We do need to talk some more about the prefrontal cortex, and the neuropsychology of Plato’s charioteer, who must hold the reins and guide the horses of our otherwise unruly emotional life. Call it the “ego,” if you must, but it is really about the self-regulation that makes us, in Kant’s terms, something other than slaves to our impulses. We’ve seen that in our understanding that the deeper nuclei that govern the “reward” system (which produce the relevant neurotransmitter dopamine) are active in proportion to the size of the reward rather than it’s likelihood (see my blog “Anticipation"). We saw that it was the prefrontal cortex that has to provide the mitigation of response, the reins pulled by lower or even nonexistent likelihoods.
It is a commonplace of human neuropsychology that we are the only mammal that actually has input to the subcortical structures responsible for powering our emotional responses, the limbic system. I almost said that these structures were what drives the emotional system but, while drives in psych-lingo refer to motivations, we have to understand the driving to also require the charioteer with his reins, if it is to get us anywhere, however powerful the horses. Horses, for anyone that has been around them knows, have the temperament of deer, and will readily bolt or rear without a firm, if loving hand. The inputs that higher cognitive centers in the cortex provide to the limbic system are what make it possible for us to get excited about, angry about, or fearful of ideas and imaginations in lieu of external events that can give pleasure or pain. In some ways thoughts and ideas, our imagination, our memories and anticipations that are the “early warning system” for pleasure or pain, which in turn alert us to potentially life affirming, reproduction enhancing activities, or to those that we should steer clear of, that may produce crippling damage or death. This is a topic that probably deserves a whole blog.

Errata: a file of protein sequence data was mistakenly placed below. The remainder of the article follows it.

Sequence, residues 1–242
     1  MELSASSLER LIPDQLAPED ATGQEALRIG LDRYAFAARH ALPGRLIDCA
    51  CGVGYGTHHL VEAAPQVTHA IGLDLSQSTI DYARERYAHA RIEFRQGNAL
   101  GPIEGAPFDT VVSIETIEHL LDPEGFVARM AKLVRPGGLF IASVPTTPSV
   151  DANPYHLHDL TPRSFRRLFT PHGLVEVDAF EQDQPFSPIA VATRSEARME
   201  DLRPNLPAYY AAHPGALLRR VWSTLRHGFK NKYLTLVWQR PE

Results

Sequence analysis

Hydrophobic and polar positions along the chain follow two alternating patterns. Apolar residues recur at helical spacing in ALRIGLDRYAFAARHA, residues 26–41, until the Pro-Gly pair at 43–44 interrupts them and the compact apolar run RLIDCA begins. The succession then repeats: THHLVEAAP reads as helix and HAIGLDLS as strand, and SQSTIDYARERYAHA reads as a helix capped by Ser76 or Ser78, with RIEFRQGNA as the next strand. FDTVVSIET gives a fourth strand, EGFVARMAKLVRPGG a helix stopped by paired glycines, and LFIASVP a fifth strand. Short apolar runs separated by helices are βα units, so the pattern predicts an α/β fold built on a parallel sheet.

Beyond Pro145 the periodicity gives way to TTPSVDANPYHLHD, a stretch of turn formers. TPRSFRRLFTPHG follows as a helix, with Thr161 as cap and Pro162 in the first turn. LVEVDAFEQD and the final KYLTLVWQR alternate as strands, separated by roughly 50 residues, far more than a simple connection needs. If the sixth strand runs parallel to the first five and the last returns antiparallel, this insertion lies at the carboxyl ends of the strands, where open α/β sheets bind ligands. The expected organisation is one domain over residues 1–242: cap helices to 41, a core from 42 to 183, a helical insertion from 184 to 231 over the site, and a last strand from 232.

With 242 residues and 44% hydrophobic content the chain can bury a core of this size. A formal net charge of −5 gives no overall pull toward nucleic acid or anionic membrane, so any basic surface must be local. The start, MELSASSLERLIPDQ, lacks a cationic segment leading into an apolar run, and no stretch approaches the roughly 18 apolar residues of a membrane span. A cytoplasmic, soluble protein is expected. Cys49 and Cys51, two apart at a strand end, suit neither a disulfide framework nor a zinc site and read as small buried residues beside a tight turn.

The problem is, of course, that we need to learn how to use the reins, how to control and direct the horses, whose energy, whose beating hearts and pounding hooves get us to where we want to be. While we may know the dangers of a horse that’s been “rode hard and put up wet,” and we can imagine the white slather of such a horse drying on its long neck, it can take a long time between knowing the horse and being able to use the reins. One of the problems with psychotherapy, as the delusions of Hollywood would have us believe, is that the insight into a problem does not make the problem go away. Anyone who has been the victim of an addiction, or an unrequited love for that matter, understands this all too well. You know with every cycle what is going to happen, and continue to act the same way, over and over and over. You need, finally, to make a decision to behave otherwise, and act on it, despite powerful motivations otherwise. What is the old folk wisdom, that insanity is continuing to do the same thing over and over, expecting the result to be different?